To simulate the SD-WAN, we considered a scenario that requires the transmission of a photograph by a mobile UE. This one-base station case study is simulated on the MATLAB simulator using the LTE Toolbox and an ADALM PLUTO SDR device. Planning, constructing, and assessing the performance of radio communication networks (including cellular networks) depends on a thorough understanding of radio signal propagation Path Loss (PL). To organize, create, and assess the performance of wireless systems, PL models are created and tuned by the examined environment. Thus, we adopted the Log-Distance Path Loss (LDPL) model. LDPL is a radio propagation model that predicts the path loss a signal encounters inside a building or densely populated areas over a distance [51]. We consider a portable—private LTE/4G base station deployed in an off-grid small rural area without obstacles. Therefore, we examine a clear line-of-sight (LOS) scenario between the base station and a UE. The 4G/LTE technology uses Orthogonal Frequency Division Multiplexing (OFDM) a multicarrier modulation technique that uses the Discrete Fourier Transform (DFT) and the Inverse Discrete Fourier Transform (IDFT) to convert the frequency selective channel into the flat fading channel [52].
For simultaneous broadcast and reception on the ADALM PLUTO SDR platform, the simulation procedure outputs a single antenna LTE waveform. The algorithm packs and encodes the chosen image into radio frames during waveform synthesis. The application then extracts the received image from the LTE waveform after the reception. The simulator uses a baseband Reference Measurement Channel (RMC) waveform created by the LTE Toolbox to create numerous radio frames from an imported picture file. It produces a continuous RF LTE waveform by using the repeated transmission feature of the SDR. This feature transfers the baseband RMC waveform to the ADALM PLUTO SDR’s hardware memory and transmits the waveform over the air continuously and without breaks.
The first frame acquired by the receiver is not always the first transmitted because the LTE waveform is traveling over the air in a loop and the frames are decoded out of order. The frame number determination helps to recombine the received frames accurately. The current system frame number is revealed in the Master Information Block (MIB) and is also decoded. The simulator decodes the Physical Downlink Control Channel (PDSCH) and the Downlink Shared Channel (DL-SCH) after determining the frame number and showing the equalized PDSCH symbols. Subframe number 5 is not required for data transmission, so the subframe-captured data is not considered during decoding [53]. When the LTE frames are successfully decoded, the simulator shows the detected frame number for each frame (Table 6) and the equalized PDSCH symbol constellation for each subframe (Figure 8a). In LTE networks, the PDSCH is the upper data-carriage downlink channel. Based on the LTE standards, such as DCI format and bandwidth, the PDSCH provides Downlink Control Information (DCI) code words with varying lengths [54]. The simulation of the PDSCH transmission is vital, as it incorporates procedures of scrambling, modulation, layer mapping, precoding, and data mapping to resource elements. The simulator also computes the bit error rate (BER), error vector magnitude peak (EVM peak), and round mean square (EVM RMS) values for every frame, and analyzes an approximation of the channel magnitude frequency response between the cell reference point 0 and the receive antenna (Figure 8b).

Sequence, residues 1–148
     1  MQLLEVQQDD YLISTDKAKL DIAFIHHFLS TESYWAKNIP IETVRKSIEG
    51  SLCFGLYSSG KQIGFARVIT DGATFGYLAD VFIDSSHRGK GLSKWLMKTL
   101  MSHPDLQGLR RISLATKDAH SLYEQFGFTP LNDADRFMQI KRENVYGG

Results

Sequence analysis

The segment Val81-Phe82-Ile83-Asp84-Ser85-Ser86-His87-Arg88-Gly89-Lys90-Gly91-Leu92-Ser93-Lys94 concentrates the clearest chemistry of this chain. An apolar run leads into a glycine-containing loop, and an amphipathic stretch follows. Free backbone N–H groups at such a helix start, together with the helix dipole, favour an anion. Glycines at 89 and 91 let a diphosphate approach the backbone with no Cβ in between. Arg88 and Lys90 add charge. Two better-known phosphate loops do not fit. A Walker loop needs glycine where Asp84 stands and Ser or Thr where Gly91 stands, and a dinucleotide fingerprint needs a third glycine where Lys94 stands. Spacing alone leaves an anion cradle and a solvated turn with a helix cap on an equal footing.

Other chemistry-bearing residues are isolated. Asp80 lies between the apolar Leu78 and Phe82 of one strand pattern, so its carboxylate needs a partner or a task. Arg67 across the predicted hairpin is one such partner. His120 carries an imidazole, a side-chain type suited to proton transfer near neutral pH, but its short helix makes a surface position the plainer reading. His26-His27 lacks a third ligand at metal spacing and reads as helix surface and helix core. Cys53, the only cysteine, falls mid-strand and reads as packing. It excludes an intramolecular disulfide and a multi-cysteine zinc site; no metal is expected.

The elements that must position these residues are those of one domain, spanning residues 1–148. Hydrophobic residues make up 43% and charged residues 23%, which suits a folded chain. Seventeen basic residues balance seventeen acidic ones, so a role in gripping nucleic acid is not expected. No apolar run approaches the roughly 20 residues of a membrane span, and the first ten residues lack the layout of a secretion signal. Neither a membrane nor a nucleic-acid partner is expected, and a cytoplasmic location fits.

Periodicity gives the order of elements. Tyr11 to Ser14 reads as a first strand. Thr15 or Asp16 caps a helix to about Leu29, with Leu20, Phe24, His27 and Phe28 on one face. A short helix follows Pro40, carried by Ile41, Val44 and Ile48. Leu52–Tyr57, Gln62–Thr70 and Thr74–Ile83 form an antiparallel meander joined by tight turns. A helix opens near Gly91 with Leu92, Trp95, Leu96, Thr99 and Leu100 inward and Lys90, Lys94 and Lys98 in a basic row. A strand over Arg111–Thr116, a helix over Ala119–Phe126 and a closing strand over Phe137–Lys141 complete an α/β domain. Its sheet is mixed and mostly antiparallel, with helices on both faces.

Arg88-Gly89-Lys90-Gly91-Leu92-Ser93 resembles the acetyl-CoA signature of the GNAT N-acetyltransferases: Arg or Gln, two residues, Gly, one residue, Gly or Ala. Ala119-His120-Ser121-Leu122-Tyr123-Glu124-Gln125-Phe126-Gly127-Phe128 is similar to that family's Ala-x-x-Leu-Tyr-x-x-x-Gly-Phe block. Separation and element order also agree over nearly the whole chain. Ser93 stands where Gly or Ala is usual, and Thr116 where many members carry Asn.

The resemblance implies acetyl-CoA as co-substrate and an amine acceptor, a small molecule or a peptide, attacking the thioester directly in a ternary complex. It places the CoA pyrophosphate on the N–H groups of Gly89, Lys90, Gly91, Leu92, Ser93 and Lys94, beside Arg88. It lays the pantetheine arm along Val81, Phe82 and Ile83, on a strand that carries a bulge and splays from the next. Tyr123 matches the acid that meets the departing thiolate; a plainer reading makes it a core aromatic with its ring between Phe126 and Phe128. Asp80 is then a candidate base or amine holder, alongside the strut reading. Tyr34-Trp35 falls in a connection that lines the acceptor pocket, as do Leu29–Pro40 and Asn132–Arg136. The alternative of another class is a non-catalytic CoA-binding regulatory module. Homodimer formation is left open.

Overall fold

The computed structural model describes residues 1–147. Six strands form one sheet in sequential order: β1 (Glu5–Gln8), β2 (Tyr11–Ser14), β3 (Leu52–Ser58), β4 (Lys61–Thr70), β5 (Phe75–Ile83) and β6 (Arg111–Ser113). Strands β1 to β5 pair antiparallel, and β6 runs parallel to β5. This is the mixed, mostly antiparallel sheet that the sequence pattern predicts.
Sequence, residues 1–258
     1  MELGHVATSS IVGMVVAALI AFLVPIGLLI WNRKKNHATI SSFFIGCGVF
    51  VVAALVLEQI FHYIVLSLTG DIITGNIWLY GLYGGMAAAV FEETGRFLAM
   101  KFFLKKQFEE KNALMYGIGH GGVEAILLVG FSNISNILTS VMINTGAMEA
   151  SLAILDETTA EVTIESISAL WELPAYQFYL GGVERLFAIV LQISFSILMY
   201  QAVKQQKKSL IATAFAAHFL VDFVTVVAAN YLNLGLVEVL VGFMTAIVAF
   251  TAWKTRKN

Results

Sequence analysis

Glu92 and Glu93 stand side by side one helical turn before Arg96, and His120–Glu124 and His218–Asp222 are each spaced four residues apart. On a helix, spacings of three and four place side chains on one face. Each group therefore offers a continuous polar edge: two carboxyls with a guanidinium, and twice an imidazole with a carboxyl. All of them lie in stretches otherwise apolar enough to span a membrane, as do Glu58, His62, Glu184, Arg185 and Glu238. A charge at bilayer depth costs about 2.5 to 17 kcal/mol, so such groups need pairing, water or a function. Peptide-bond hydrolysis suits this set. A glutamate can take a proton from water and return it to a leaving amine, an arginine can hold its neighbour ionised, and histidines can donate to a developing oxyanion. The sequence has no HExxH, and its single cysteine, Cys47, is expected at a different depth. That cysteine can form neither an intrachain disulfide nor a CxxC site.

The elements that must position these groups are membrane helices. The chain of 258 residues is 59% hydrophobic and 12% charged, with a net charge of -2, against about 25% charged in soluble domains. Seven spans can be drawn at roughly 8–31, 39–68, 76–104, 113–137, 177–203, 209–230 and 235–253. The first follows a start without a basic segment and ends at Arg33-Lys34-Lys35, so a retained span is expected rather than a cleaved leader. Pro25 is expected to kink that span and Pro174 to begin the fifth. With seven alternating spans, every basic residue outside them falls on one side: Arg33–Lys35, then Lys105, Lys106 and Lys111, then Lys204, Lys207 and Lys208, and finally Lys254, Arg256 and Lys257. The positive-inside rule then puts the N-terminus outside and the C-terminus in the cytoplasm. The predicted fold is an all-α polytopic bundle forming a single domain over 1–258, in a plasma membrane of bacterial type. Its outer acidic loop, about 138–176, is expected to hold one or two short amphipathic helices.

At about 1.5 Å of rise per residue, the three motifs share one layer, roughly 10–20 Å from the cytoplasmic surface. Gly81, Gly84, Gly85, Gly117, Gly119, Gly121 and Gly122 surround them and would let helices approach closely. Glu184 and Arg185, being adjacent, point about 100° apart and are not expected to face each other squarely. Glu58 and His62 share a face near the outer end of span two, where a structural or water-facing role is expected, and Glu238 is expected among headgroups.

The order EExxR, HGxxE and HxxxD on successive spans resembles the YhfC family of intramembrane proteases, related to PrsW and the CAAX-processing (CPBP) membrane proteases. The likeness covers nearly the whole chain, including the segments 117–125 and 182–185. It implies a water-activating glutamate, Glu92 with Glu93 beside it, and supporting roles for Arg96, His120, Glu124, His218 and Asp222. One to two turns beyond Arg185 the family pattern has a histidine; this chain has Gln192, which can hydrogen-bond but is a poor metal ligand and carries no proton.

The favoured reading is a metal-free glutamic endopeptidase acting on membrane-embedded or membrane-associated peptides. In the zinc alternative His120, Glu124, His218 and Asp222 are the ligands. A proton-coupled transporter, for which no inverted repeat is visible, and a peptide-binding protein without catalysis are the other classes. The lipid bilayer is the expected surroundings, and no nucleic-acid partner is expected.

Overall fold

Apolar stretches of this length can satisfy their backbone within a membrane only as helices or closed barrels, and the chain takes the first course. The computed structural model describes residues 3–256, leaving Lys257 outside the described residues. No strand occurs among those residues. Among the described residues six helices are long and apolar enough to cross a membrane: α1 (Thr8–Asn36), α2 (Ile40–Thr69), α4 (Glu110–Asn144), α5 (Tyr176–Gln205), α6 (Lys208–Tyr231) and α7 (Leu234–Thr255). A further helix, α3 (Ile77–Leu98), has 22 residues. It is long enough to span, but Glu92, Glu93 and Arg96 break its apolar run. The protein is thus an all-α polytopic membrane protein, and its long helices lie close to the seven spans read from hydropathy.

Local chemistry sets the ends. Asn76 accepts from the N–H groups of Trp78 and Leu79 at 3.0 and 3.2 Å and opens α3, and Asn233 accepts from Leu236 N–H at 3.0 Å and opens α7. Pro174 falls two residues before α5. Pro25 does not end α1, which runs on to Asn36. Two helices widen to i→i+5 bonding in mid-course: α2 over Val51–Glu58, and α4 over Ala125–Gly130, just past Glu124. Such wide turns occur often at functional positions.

To determine the quality of the received data, we first initialize our SD-WAN variables to let the simulator calculate the BER between the transmitted and received data of our scenario. The BER is the ratio of the bit’s error number and the number of bits transmitted, while a high BER causes a packet loss which increases delay and reduces throughput [55]. Since there are no obstacles or objects between the transmitter and receiver causing path losses in our case, the BER was zero. In [51] the authors examine various PL mobile propagation LOS and non-LOS (NLOS) case studies, taking into account other effects such as the seasonal effect. They conclude that fixed wireless networks provide easy network connectivity in rural areas.
The received data are reformed into an image, as seen in Figure 9b. In LTE networks, the physical layer baseband processing has strict real-time deadlines [56], so basebands signal spectrum analysis is an essential part of a simulation. Figure 9a depicts the Received Baseband LTE Signal Spectrum.